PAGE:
Welsh Rarebit (radio programme)
Welsh Rarebit was a British radio variety show broadcast from Cardiff by the BBC between February 1940 and December 1952. The title was taken from that of the Welsh dish of the same name. The show's most lasting legacy remains its closing song, We'll Keep a Welcome (in the Hillsides).
Billed as "a programme of variety and topicalities", it began life as a monthly 30-minute feature in the BBC's wartime Forces Programme, and was designed for the entertainment of armed forces personnel, in particular for those whose home was in Wales, but quickly became popular generally, and from June 1941 – when production was taken over by Mai Jones, who was also responsible for such other entertainment shows as Saturday Starlight – Welsh Rarebit also featured from time to time in the schedules of the BBC Home Service.
Although chiefly a variety show, the programme also included such regular features as Eynon Evans playing "Tommy Troubles" and Dai's Letter to the Forces, a sentimental reflection of life in Wales read by Lyn Joshua.
Welsh Rarebit featured a host of Welsh entertainers, many of whom became household names; regulars included Wyn Calvin, Maudie Edwards, Eynon Evans, Vera Meazey, Gladys Morgan, Ossie Morris, Harry Secombe, Stan Stennett, Ann Walters, Albert and Les Ward. At its peak the programme attracted 12 million listeners and remains one of the most popular entertainment shows to have been produced from Wales.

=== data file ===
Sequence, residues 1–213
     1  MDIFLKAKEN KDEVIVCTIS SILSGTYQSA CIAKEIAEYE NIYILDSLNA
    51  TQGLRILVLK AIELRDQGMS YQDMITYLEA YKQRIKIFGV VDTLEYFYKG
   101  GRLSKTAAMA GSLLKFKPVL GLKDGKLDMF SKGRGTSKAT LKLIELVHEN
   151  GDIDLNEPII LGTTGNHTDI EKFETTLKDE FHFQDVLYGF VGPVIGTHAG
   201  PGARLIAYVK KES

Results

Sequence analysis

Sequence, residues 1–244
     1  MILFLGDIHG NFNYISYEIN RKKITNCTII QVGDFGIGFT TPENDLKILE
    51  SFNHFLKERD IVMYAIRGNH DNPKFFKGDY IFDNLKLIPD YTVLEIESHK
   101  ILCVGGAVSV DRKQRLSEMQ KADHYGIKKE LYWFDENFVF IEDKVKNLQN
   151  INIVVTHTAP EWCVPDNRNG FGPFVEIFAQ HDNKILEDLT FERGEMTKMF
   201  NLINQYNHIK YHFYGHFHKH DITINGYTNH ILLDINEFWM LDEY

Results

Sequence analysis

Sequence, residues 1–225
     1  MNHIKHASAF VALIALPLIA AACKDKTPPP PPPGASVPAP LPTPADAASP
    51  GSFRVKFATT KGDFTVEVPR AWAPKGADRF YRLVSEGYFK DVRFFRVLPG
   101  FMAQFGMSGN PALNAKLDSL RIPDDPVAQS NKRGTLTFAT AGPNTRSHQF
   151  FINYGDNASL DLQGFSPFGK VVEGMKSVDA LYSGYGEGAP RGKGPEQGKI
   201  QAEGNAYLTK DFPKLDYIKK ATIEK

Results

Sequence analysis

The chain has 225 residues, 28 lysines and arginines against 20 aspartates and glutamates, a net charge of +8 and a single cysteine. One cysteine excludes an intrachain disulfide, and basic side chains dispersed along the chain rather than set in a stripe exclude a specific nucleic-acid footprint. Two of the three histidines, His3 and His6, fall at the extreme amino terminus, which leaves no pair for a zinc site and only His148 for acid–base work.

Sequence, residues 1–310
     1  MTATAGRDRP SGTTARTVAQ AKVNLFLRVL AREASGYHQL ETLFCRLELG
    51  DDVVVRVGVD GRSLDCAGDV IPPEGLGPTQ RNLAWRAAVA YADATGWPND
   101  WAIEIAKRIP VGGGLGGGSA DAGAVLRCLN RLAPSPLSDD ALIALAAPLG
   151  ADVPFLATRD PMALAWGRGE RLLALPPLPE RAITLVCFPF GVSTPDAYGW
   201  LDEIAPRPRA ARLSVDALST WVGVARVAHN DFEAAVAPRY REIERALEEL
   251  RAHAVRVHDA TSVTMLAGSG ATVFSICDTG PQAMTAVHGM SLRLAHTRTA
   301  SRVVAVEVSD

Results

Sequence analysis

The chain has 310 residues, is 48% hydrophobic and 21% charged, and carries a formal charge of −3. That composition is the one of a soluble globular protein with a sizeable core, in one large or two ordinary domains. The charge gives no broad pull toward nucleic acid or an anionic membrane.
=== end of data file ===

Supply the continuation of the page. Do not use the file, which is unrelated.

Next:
The wartime programmes came to an end in December 1944, but Welsh Rarebit returned on Saint David's Day 1948 in the BBC Light Programme and ran (now as an hour-long weekly show) from then until July 1951, with a final "Christmas Special" edition being broadcast in December 1952.
- A short clip from the edition of Welsh Rarebit broadcast on 21 December 1950 BBC Wales: Wales on Air
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